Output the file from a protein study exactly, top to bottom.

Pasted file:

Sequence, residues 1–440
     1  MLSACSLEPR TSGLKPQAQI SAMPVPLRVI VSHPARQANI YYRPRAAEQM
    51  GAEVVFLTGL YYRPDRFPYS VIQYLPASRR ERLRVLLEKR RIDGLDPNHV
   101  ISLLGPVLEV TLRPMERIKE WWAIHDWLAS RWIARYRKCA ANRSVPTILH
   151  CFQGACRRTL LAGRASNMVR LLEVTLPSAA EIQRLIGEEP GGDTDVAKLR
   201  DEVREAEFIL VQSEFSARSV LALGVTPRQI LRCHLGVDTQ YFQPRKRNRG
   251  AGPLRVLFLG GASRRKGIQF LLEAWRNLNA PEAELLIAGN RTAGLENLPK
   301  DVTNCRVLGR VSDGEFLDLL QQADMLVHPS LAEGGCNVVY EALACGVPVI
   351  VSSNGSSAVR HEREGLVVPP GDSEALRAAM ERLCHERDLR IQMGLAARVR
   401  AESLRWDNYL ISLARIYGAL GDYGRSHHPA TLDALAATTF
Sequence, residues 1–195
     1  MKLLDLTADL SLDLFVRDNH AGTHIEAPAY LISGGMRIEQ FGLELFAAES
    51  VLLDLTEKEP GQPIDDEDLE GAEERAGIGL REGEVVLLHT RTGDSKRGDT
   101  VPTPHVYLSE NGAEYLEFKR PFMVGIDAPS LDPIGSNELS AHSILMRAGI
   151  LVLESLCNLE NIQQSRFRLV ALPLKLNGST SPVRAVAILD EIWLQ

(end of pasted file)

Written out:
Sequence, residues 1–440
     1  MLSACSLEPR TSGLKPQAQI SAMPVPLRVI VSHPARQANI YYRPRAAEQM
    51  GAEVVFLTGL YYRPDRFPYS VIQYLPASRR ERLRVLLEKR RIDGLDPNHV
   101  ISLLGPVLEV TLRPMERIKE WWAIHDWLAS RWIARYRKCA ANRSVPTILH
   151  CFQGACRRTL LAGRASNMVR LLEVTLPSAA EIQRLIGEEP GGDTDVAKLR
   201  DEVREAEFIL VQSEFSARSV LALGVTPRQI LRCHLGVDTQ YFQPRKRNRG
   251  AGPLRVLFLG GASRRKGIQF LLEAWRNLNA PEAELLIAGN RTAGLENLPK
   301  DVTNCRVLGR VSDGEFLDLL QQADMLVHPS LAEGGCNVVY EALACGVPVI
   351  VSSNGSSAVR HEREGLVVPP GDSEALRAAM ERLCHERDLR IQMGLAARVR
   401  AESLRWDNYL ISLARIYGAL GDYGRSHHPA TLDALAATTF
Sequence, residues 1–195
     1  MKLLDLTADL SLDLFVRDNH AGTHIEAPAY LISGGMRIEQ FGLELFAAES
    51  VLLDLTEKEP GQPIDDEDLE GAEERAGIGL REGEVVLLHT RTGDSKRGDT
   101  VPTPHVYLSE NGAEYLEFKR PFMVGIDAPS LDPIGSNELS AHSILMRAGI
   151  LVLESLCNLE NIQQSRFRLV ALPLKLNGST SPVRAVAILD EIWLQ